EVERETT — This is it, Election Day 2017.
Voters are choosing new mayors in Everett and Snohomish while a majority of Snohomish County Councilmembers are looking to keep their jobs.
The fate of dozens of seats on city councils, school boards and fire commissions are to be decided, as well as a sales tax increase for road improvements in Mukilteo and a bond measure for a new city hall in Mountlake Terrace.
“These are the civic positions and the financial decisions that really make a difference in our communities,” said Snohomish County Auditor Carolyn Weikel.
If you haven’t voted, time is running out to do so.
You have until 8 p.m. to put your ballot in one of the designated drop boxes or take it directly to the Snohomish County Auditor’s Office in Everett.
If you’re thinking of returning it by mail, make certain it gets postmarked today. Otherwise it won’t be counted.
Results will be posted on the county elections website and on HeraldNet shortly after 8 p.m.
Weikel has predicted turnout countywide will be about 34 percent of the roughly 457,000 registered voters. As of Monday morning, the slow pace of ballot returns had Weikel wondering if the mark will be reached countywide.
Only 14.8 percent of the ballots had come back though the rate is higher in Everett, Snohomish and Mukilteo where there are hotly contested civic contests.
In Everett, two members of the City Council, Cassie Franklin and Judy Tuohy, are vying to become the first woman elected mayor in city history. Businessman Gary Watts is adding a degree of suspense with his write-in campaign.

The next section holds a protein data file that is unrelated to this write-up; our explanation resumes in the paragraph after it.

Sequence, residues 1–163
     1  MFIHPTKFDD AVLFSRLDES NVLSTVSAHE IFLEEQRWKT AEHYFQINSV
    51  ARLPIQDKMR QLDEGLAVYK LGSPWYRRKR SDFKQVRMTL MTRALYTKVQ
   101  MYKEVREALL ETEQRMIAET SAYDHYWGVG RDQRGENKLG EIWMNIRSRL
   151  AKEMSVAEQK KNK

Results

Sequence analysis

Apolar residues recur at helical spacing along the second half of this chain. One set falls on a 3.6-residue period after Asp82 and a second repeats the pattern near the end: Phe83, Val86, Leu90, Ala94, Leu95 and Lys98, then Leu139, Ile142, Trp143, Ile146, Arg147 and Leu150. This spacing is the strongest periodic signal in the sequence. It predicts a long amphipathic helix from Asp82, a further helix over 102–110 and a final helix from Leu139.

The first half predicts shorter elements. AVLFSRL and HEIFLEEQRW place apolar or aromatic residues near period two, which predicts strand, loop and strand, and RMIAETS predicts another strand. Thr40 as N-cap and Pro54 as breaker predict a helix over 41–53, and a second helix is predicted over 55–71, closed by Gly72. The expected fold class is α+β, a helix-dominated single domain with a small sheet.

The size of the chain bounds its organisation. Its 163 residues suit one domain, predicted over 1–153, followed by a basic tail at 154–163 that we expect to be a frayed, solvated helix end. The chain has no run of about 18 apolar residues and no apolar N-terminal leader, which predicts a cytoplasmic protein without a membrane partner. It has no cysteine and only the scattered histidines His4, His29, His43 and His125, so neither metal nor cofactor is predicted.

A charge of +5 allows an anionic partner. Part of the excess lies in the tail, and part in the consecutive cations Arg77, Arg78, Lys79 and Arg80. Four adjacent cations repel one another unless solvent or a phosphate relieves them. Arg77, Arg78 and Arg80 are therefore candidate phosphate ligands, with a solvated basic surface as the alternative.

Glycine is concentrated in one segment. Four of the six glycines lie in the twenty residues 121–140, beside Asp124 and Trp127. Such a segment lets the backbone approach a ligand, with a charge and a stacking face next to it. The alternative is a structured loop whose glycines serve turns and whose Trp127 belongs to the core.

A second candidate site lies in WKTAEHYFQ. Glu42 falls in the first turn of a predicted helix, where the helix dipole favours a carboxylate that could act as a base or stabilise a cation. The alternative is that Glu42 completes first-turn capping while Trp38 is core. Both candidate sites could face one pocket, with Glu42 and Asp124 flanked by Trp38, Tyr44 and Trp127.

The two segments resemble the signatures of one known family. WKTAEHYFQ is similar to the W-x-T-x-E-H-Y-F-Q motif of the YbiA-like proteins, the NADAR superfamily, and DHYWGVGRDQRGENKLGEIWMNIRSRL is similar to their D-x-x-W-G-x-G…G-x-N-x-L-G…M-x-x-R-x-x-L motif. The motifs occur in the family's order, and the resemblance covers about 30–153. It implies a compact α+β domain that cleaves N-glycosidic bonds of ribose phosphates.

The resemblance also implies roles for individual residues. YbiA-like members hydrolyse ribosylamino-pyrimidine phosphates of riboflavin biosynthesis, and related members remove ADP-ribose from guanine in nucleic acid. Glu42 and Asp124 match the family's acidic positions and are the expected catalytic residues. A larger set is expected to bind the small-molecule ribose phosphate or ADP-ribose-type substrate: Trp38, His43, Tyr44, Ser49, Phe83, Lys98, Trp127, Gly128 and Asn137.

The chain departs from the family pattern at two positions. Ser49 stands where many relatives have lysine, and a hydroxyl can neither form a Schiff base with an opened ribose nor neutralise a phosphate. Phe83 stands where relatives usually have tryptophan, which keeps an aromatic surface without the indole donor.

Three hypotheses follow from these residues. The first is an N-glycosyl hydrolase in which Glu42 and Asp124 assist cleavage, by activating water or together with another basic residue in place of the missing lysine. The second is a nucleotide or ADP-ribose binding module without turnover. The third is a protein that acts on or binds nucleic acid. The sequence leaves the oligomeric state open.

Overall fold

The winner will succeed Mayor Ray Stephanson who is retiring after 14 years in the position.
In Snohomish, voters are directly electing a mayor for the first time in nearly half a century. John Kartak and Karen Guzak are dueling for the job. Also on the ballot is an advisory measure to gauge whether voters are ready to lift the city’s ban on marijuana retail stores.
In Mukilteo, most of the attention is not on Mayor Jennifer Gregerson’s pursuit of a second term against Dan Matthews.
Rather it is on the bid by aerospace executive Peter Zieve to unseat incumbent City Councilman Bob Champion. Zieve is a controversial figure in town and a political committee formed to conduct an independent campaign to convince residents to vote against him.
Snohomish County Councilmembers Terry Ryan, Nate Nehring and Sam Low are on the ballot and all are favored to win.
Ryan, a Democrat, is challenged by Republican Marcus Barton in the 1st District, Nehring, a Republican, faces Democrat Ray Miller in the 4th District and Low, a Republican, is up against Democrat Kristen Kelly in the 5th District.
For more information or assistance with any last-minute issues, call the elections office 425-388-3444.